Richard Leonard is a corporate turnaround artist. And the National Science Foundation (NSF) in Arlington, Virginia, is betting on him to turn around its troubled National Ecological Observatory Network (NEON). Last summer, faced with a projected $80 million cost overrun and a year’s delay in the scheduled 2016 completion, NSF decided to shrink the number of NEON sites from more than 100 to 81 and reduce the scope of the project. That was the final straw in a series of missteps that sealed the fate of the previous contractor, NEON Inc., which was created for the purpose of building and running the observatories.
NSF has given Battelle until mid-June to submit a detailed plan for managing NEON, but Leonard says there won’t be any major surprises. “I do not expect to see any descoping beyond what has already been announced,” Leonard says, “and we’re looking for completion by the end of 2017.”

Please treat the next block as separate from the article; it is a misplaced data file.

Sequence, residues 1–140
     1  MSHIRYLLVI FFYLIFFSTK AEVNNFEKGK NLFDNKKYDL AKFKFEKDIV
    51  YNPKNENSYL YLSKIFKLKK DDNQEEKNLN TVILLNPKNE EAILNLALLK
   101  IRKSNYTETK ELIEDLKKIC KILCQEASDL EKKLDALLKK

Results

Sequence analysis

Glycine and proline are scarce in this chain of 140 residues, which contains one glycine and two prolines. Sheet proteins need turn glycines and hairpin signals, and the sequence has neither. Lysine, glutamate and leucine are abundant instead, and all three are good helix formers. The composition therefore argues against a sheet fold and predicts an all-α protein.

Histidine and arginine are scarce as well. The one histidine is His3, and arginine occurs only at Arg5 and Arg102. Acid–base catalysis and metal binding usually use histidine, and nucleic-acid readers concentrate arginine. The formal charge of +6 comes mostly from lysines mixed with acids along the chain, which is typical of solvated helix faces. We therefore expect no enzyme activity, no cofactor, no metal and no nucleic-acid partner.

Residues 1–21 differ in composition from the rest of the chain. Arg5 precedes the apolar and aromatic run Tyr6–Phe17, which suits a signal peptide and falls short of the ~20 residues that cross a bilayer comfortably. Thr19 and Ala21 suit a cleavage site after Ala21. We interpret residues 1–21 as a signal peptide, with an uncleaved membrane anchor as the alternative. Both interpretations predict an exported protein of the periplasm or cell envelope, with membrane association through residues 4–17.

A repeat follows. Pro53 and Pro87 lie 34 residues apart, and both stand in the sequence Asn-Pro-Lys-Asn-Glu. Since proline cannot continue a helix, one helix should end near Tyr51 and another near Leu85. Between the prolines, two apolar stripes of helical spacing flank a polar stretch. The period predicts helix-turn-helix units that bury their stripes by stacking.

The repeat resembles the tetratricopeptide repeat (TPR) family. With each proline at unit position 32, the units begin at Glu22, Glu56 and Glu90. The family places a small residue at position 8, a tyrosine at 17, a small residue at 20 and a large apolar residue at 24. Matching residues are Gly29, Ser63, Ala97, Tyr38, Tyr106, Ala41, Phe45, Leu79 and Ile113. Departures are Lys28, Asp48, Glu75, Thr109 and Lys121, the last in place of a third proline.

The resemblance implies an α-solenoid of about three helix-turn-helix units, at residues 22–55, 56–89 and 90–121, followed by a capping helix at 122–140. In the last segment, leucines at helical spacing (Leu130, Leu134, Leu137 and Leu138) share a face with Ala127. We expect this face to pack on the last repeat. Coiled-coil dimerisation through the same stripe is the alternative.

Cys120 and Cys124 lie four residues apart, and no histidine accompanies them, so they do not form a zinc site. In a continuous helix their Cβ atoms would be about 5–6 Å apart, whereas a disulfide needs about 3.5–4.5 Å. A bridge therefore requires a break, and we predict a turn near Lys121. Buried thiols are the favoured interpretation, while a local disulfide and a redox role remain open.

In the meantime, Leonard has begun to restructure the internal organization—some 300 people based in Boulder and another 150 to 200 in the field—and repair NEON’s tattered relationship with the ecological community. The latter has been a running sore for the project, leading to a revolving door of top scientists and the near-resignation of its top advisory panel. “We’ve heard loud and clear from scientists,” he says. “We’ve got a bridge to build there.”